Shringararasa, Śṛṅgārarasa, Shrimgara-rasa, Śṛṃgārarasa, Shringara-rasa, Shrimgararasa: 8 definitions


Shringararasa means something in Buddhism, Pali, Hinduism, Sanskrit. If you want to know the exact meaning, history, etymology or English translation of this term then check out the descriptions on this page. Add your comment or reference to a book if you want to contribute to this summary article.

The Sanskrit terms Śṛṅgārarasa and Śṛṃgārarasa can be transliterated into English as Srngararasa or Shringararasa or Srmgararasa or Shrimgararasa, using the IAST transliteration scheme (?).

In Hinduism

Natyashastra (theatrics and dramaturgy)

[«previous next»] — Shringararasa in Natyashastra glossary
Source: Wisdom Library: Nāṭya-śāstra

Śṛṅgārarasa (शृङ्गाररस) refers to the “erotic sentiment” used in dramatic performance (nāṭya). It is a Sanskrit compound composed of the words of śṛṅgāra (erotic) and rasa (‘sentiment’). This sentiment is produced from a combination of determinants, consequents and complementary psychological states.

Source: Shodhganga: Elements of Art and Architecture in the Trtiyakhanda of the Visnudharmottarapurana (natya)

Śṛṅgārarasa (शृङ्गाररस) (or simply Śṛṅgāra) refers to the “erotic sentiment” and represents one of the nine kinds of Rasa (“soul of Drama”), according to the Viṣṇudharmottarapurāṇa, an ancient Sanskrit text which (being encyclopedic in nature) deals with a variety of cultural topics such as arts, architecture, music, grammar and astronomy.—Rasa or Sentiment is a very important component in poetry. The Viṣṇudharmottarapurāṇa accepts nine rasas or “sentiments in Drama”. Śṛṇgārarasa or the “sentiment of love” is very important in kāvya specially in dramas. Because, Sanskrit poetics advices to portray either śṛṇgāra or vīra as the predominant sentiment in a Sanskrit dram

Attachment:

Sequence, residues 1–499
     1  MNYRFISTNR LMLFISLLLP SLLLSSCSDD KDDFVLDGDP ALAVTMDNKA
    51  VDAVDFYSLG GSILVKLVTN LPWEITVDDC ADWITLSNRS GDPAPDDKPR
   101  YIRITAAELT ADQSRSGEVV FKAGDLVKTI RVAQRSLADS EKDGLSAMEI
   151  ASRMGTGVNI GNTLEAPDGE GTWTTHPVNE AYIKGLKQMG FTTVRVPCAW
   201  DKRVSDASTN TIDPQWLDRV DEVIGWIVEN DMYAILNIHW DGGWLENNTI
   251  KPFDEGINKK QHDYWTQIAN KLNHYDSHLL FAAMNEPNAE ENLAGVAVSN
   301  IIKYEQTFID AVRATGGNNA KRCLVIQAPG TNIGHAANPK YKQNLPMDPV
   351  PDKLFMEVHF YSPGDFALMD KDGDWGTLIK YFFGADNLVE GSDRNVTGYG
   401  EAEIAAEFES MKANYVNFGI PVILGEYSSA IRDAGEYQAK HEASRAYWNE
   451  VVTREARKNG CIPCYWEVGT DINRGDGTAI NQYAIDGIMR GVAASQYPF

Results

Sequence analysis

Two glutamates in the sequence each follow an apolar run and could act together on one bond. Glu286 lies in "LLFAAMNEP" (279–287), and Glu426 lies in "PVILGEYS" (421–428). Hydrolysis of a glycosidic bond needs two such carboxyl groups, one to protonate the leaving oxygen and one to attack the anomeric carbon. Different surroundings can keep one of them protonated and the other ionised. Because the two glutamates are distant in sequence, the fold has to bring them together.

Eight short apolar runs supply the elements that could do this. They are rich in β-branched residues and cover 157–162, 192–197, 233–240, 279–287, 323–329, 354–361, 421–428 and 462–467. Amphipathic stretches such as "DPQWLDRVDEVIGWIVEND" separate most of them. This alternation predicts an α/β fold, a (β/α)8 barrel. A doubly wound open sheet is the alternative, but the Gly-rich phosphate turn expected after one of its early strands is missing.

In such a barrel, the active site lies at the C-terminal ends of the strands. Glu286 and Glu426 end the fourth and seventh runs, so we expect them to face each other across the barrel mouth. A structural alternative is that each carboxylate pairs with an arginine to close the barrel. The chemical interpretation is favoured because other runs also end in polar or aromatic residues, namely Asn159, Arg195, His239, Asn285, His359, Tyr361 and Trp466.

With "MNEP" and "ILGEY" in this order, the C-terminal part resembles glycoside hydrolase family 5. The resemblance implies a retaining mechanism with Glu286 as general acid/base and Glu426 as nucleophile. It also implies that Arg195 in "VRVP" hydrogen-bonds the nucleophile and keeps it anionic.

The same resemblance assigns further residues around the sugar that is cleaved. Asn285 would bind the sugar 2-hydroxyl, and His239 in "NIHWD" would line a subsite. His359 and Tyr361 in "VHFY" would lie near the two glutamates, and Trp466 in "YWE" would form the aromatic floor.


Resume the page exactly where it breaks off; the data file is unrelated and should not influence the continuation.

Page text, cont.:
Natyashastra book cover
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Natyashastra (नाट्यशास्त्र, nāṭyaśāstra) refers to both the ancient Indian tradition (shastra) of performing arts, (natya—theatrics, drama, dance, music), as well as the name of a Sanskrit work dealing with these subjects. It also teaches the rules for composing Dramatic plays (nataka), construction and performance of Theater, and Poetic works (kavya).

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Kavyashastra (science of poetry)

[«previous next»] — Shringararasa in Kavyashastra glossary
Source: Shodhganga: The Kavyavilasa of Ciranjiva Bhattacarya (kavyashastra)

Śṛṅgārarasa (शृङ्गाररस) refers to the “erotic sentiment” or “sentiment of love” and is defined by Cirañjīva Bhaṭṭācārya (fl. 17th century). —The basic feeling of śṛṅgāra is love (rati). This sentiment of love is originated from or manifested by the excitants (vibhāva) like beloved etc., ensuants (anubhāva) like side long or oblique glances and variants like mental derangement etc.

This sentiment of love (śṛṅgāra-rasa) is divided into two varieties—

  1. union (sambhoga-śṛṅgārarasa),
  2. separation (vipralambha-śṛṅgārarasa).
Kavyashastra book cover
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Kavyashastra (काव्यशास्त्र, kāvyaśāstra) refers to the ancient Indian tradition of poetry (kavya). Canonical literature (shastra) of the includes encyclopedic manuals dealing with prosody, rhetoric and various other guidelines serving to teach the poet how to compose literature.